As Machine Learning as a Service (MLaaS) offerings enter the market, the complexity and quality of trade-offs will get greater attention. Researchers from the University of Chicago looked at the effectiveness of MLaaS and found that “they can achieve results comparable to standalone classifiers if they have sufficient insight into key decisions like classifiers and feature selection”.

3.            Sampling bias in data

Many companies use machine learning algorithms to assist them in recruitment. For example, Amazon discovered that the algorithm they used to assist with selecting candidates to work in the business was biased. Also, researchers from Princeton found that European names were favoured by other systems, mimicking some human biases.

The problem here isn’t the model specifically. The problem is that the data used to train the model comes with its own biases. However, when we know the data is biased, there are ways to debias or to reduce the weighting given to that data.

The first challenge is determining if there is inherent bias in the data. That means conducting some pre-processing. And while it may not be possible to remove all bias from the data, its impact can be minimised by injecting human knowledge.

In some cases, it may also be necessary to limit the number of features in the data. For example, omitting traits such as race or gender can help limit the impact of biased data on the results from a model.

4.            Changing expectations and concept drift

Machine learning models operate within specific contexts. For example, ML models that power recommendation engines for retailers operate at a specific time when customers are looking at certain products. However, customer needs change over time, and that means the ML model can drift away from what it was designed to deliver.

Models can decay for a number of reasons. Drift can occur when new data is introduced to the model. This is called data drift. It can also occur when our interpretation of the data changes. This is concept drift.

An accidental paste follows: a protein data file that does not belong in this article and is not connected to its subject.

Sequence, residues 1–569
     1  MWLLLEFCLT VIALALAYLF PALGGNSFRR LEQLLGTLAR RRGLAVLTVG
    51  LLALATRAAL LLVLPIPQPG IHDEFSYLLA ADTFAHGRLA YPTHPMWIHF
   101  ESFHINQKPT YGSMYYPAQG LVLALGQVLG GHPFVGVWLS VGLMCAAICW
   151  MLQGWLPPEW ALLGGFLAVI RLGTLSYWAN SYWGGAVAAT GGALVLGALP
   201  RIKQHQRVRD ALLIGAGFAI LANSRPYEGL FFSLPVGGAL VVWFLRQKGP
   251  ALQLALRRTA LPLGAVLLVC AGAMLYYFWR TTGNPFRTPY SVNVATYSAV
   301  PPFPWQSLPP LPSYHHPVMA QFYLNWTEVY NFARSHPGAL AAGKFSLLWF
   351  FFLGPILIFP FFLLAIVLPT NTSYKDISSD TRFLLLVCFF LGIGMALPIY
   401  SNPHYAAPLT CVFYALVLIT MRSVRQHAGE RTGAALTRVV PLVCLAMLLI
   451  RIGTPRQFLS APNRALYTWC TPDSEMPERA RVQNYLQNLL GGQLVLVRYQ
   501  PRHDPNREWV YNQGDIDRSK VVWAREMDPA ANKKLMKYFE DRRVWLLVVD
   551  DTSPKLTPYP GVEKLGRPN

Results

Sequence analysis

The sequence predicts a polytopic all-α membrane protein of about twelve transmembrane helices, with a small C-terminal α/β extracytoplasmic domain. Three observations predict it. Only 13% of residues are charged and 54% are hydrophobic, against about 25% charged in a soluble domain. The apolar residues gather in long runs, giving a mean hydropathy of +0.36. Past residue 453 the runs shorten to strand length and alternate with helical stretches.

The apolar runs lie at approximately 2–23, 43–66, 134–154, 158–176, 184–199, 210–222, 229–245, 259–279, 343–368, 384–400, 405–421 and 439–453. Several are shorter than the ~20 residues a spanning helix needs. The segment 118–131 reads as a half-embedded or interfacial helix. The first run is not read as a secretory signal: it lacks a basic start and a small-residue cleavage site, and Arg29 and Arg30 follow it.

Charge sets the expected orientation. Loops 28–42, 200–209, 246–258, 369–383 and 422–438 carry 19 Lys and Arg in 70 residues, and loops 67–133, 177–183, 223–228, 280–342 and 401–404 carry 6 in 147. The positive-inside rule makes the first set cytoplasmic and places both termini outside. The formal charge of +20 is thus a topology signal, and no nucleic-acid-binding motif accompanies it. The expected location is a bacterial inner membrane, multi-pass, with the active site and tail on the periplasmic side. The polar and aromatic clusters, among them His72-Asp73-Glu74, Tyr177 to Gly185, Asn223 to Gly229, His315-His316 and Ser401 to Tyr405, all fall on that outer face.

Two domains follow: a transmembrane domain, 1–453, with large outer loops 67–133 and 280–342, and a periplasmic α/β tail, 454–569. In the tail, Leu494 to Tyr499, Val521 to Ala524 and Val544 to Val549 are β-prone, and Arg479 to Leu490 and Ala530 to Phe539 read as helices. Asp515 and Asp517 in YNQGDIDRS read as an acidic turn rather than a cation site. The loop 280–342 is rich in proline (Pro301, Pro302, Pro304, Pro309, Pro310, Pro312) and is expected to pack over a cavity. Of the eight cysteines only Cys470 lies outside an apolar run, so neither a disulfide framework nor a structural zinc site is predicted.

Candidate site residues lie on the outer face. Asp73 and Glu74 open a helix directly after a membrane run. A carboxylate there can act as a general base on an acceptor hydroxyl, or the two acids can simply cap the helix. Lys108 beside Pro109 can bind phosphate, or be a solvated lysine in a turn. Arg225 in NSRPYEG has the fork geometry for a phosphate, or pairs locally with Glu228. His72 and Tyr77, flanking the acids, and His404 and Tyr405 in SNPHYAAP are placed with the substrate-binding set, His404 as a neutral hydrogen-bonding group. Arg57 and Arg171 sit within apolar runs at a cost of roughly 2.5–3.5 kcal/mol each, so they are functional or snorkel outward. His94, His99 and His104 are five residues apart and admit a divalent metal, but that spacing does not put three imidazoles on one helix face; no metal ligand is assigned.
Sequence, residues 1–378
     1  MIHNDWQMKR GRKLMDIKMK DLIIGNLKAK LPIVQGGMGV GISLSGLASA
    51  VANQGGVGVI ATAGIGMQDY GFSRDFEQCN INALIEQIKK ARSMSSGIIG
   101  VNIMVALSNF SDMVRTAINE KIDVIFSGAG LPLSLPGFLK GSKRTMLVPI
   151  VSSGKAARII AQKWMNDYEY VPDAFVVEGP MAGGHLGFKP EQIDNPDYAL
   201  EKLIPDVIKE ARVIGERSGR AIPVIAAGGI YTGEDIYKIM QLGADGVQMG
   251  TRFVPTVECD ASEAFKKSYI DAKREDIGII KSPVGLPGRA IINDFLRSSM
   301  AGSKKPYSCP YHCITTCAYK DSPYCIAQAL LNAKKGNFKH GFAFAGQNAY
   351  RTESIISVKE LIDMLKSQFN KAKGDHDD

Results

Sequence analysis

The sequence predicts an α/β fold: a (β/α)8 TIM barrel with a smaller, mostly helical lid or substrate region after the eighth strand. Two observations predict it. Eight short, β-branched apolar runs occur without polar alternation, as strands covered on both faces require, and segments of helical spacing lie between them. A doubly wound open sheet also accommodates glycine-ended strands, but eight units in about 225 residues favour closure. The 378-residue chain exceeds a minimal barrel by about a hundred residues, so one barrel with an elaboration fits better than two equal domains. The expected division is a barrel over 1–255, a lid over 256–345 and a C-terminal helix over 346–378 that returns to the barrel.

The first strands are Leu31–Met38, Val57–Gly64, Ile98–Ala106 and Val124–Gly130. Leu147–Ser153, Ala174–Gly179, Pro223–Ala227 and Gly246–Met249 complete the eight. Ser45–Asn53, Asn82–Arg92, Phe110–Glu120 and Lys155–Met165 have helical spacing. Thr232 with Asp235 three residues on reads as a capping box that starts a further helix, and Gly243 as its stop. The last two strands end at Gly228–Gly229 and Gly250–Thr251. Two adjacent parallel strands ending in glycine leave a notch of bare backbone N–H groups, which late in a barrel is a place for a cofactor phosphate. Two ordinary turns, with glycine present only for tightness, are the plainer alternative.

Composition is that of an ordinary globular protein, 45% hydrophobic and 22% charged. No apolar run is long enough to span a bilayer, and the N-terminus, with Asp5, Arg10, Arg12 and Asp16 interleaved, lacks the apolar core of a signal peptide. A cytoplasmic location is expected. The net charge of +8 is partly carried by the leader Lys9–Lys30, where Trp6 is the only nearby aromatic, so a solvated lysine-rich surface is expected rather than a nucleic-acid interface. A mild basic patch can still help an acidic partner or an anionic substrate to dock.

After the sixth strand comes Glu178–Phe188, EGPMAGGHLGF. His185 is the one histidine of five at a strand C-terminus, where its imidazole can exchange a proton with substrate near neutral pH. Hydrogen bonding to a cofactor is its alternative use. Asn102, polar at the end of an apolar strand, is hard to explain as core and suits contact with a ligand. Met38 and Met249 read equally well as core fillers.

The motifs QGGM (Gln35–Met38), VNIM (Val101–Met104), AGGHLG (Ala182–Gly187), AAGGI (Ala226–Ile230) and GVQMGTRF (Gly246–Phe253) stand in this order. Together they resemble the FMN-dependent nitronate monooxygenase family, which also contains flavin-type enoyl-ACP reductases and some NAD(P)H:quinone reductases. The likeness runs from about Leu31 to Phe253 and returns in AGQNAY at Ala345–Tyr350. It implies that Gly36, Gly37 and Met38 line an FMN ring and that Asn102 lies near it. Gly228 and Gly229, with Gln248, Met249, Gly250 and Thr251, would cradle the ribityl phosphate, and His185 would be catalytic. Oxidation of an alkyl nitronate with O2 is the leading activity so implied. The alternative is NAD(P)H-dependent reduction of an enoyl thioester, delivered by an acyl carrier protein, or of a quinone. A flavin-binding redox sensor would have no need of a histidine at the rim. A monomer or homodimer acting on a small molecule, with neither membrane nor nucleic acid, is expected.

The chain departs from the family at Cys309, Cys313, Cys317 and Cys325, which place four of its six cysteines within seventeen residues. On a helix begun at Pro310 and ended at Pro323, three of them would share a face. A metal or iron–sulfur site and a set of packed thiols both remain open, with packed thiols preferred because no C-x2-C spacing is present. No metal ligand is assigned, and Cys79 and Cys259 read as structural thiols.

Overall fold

To accommodate this drift, you need a model that continuously updates and improves itself using data that comes in. That means you need to keep checking the model.

That requires the collection of features and labels and to react to changes so the model can be updated and retrained. While some aspects of the retraining can be conducted automatically, some human intervention is needed. It’s critical to recognise that the deployment of a machine learning tool is not a one-off activity.

Machine learning tools require regular review and update to remain relevant and continue to deliver value.

5.            Monitoring and maintenance

Creating a model is easy. Building a model can be automatic. However, maintaining and updating the models requires a plan and resources.

Machine learning models are part of a longer pipeline that starts with the features that are used to train the model. Then there is the model itself, which is a piece of software that can require modification and updates. That model requires labels so that the results of an input can be recognised and used by the model. And there may be a disconnect between the model and the final signal in a system.

In many cases when an unexpected outcome is delivered, it’s not the machine learning that has broken down but some other part of the chain. For example, a recommendation engine may have offered a product to a customer, but sometimes the connection between the sales system and the recommendation could be broken, and it takes time to find the bug. In this case, it would be hard to tell the model if the recommendation was successful. Troubleshooting issues like this can be quite labour intensive.

Machine learning offers significant benefits to businesses. The ability to predict future outcomes to anticipate and influence customer behaviour and to support business operations are substantial. However, ML also brings challenges to businesses. By recognising these challenges and developing strategies to address them, companies can ensure they are prepared and equipped to handle them and get the most out of machine learning technology.

Dr. Shou-De Lin, Chief Machine Learning Scientist, Appier